Concerns around equity

With states considering or passing legislation that allows various levels of use, psychedelic medicine access currently varies widely across the country, leading to equity concerns, according to Folasade Falana, a psychology resident at the Behavioral Wellness Clinic in Tolland, Connecticut.

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“You see the communities that are really able to join in on the [psychedelics] studies, or able to just have access to [psychedelics], it really includes a very specific group, and I’ll just say it flat out: it doesn’t include people of color,” Falana said.

In 18 clinical trials of psychedelic medicines that took place from 1993 to 2017, 82.3% of the participants were white, according to a 2018 research paper.

David E. Olson, director of the UC Davis Institute for Psychedelics and Neurotherapeutics, told Healthcare Brew that the high cost of administering psychedelic medicines remains a barrier to access.

“At least for the classic psychedelics…they have to be administered in the clinic under the supervision of usually multiple healthcare professionals, which drastically increases the cost and the complexity of the treatment,” Olson said.

In a 2022 study, MDMA-assisted therapy was found to cost more than $11,000 per patient. It’s unknown as of yet how much insurance coverage psychedelic therapies will receive if approved, but health benefit plan Enthea said in November 2023 that it will offer psilocybin-assisted therapy as a workplace benefit starting this year.

One way to potentially lower the cost of psychedelic medicine could be by developing non-hallucinogenic variants of the drugs that wouldn’t require as much clinician oversight, Olson said.

That could “allow [psychedelics] to be effective for a variety of different conditions, but would lead to an increase in the scalability of the treatments so that we can democratize access and get these compounds in the hands of a greater number of patients,” he added.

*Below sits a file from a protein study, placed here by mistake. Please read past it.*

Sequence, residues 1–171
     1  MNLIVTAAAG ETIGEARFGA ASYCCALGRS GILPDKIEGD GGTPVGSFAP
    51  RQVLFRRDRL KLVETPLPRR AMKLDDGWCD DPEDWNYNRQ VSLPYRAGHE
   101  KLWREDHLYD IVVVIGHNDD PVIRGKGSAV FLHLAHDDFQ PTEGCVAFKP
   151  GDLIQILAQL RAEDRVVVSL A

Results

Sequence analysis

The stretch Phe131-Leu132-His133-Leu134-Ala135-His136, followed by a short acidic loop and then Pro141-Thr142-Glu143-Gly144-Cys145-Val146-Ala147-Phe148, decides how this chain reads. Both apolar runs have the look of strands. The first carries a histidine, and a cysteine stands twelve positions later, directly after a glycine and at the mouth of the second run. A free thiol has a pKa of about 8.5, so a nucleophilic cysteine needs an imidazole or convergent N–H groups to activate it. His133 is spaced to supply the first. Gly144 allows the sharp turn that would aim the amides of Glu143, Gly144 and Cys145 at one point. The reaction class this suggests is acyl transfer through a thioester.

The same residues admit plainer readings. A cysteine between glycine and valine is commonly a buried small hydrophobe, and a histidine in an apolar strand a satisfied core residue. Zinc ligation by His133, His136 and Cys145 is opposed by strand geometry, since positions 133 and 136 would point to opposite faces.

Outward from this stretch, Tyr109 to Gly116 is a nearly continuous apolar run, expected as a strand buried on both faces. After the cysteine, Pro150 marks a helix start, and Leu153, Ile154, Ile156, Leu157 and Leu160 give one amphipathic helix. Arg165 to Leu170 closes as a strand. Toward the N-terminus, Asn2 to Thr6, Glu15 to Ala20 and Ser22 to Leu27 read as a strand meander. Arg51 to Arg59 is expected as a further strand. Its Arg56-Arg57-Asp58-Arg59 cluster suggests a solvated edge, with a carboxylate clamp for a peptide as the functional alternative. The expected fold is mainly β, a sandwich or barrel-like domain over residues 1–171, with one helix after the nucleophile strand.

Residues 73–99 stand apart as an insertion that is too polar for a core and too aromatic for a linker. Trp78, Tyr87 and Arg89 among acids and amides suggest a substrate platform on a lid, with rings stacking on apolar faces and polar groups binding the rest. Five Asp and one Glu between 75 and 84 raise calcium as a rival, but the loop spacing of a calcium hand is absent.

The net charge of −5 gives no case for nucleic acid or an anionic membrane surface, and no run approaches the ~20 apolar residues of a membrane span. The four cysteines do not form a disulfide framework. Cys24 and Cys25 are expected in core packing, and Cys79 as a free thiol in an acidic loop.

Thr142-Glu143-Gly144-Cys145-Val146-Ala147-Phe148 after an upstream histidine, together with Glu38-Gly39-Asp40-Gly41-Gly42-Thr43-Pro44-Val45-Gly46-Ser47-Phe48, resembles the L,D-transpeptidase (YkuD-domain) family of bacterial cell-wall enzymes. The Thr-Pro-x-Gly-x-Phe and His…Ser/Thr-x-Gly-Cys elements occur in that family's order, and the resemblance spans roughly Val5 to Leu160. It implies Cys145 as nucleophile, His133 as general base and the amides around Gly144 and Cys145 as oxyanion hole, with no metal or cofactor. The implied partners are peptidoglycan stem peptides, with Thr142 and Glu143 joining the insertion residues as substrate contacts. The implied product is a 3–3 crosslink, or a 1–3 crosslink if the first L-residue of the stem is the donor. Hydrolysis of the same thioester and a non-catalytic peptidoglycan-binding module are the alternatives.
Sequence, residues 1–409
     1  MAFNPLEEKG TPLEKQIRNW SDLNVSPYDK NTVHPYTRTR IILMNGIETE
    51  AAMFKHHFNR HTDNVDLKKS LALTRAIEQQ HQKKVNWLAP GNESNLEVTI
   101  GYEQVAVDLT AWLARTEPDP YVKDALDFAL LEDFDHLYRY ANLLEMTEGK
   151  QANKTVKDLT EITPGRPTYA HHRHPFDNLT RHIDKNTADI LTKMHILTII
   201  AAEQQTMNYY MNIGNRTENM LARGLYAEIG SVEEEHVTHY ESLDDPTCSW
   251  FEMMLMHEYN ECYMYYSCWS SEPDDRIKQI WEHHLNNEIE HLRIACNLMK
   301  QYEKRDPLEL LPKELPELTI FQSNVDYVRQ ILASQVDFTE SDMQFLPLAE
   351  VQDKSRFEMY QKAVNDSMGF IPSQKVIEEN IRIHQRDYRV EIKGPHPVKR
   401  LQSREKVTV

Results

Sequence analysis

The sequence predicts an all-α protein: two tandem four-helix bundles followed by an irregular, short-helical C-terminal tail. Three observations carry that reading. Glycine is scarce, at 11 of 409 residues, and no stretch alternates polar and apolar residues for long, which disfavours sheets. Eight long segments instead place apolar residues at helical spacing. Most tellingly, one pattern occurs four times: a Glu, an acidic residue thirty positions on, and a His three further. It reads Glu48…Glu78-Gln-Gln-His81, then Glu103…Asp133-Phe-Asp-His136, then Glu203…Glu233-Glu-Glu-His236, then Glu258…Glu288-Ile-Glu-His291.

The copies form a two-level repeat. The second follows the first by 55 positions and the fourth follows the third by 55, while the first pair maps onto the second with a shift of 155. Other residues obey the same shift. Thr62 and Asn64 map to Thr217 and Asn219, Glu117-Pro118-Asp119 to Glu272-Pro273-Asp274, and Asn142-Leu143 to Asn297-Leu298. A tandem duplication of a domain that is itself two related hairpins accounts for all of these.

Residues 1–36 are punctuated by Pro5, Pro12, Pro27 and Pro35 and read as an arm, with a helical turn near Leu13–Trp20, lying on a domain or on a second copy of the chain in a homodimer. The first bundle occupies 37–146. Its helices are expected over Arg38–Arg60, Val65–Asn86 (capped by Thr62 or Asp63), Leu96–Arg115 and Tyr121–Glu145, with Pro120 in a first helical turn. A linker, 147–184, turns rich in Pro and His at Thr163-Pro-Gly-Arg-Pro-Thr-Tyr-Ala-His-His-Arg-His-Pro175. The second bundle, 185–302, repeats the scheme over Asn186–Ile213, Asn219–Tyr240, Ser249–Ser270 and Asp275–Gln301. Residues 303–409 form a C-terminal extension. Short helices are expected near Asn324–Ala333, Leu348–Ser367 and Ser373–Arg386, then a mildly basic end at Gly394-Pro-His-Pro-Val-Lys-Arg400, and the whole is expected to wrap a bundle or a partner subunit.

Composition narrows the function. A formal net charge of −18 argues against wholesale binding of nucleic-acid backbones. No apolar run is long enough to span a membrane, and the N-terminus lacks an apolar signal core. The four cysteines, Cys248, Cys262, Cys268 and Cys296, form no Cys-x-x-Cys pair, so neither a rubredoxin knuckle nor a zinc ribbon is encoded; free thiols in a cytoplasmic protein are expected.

Falana added that she’s concerned that the psychedelic medicine industry could be following a similar path as cannabis, which she said went from “persecuting certain groups to now being a cash cow for other groups.”

“There’s this idea that if psychedelics are so great to treat all of these concerns, then people of color who have historical and generational traumas in addition to continuous and ongoing traumas that are racialized, who better to use these medicines than people of color?” Falana said. “But the access is just not there.”

Steps forward

One of the first steps to making psychedelics more accessible and equitable is getting clinicians on board with the idea of even using the drugs in the first place, as there is still stigma around psychedelics, according to Morski.

Educating clinicians on the proper uses of psychedelic medicines is one of the Psychedelic Medicine Association’s missions, which offers continuing medical education courses for providers interested in the field, she said.

If Lykos Therapeutics’ MDMA-based drug for PTSD treatment is approved by the FDA in August, that would “go a long way to opening people’s minds to the safety and efficacy of at least MDMA,” Morski said.

“We’re not advocating the use of psychedelics with no oversight and no safety measures,” she added. “We’re advocating the safe use of psychedelics where you have the proper preparation beforehand, integration afterward, the proper safe setting, and you have trained facilitators.”

Do you work in healthcare or have information about the industry that we should know? Email Maia at [email protected]. For confidential conversations, ask Maia for her number on Signal.

Navigate the healthcare industry

Healthcare Brew covers pharmaceutical developments, health startups, the latest tech, and how it impacts hospitals and providers to keep administrators and providers informed.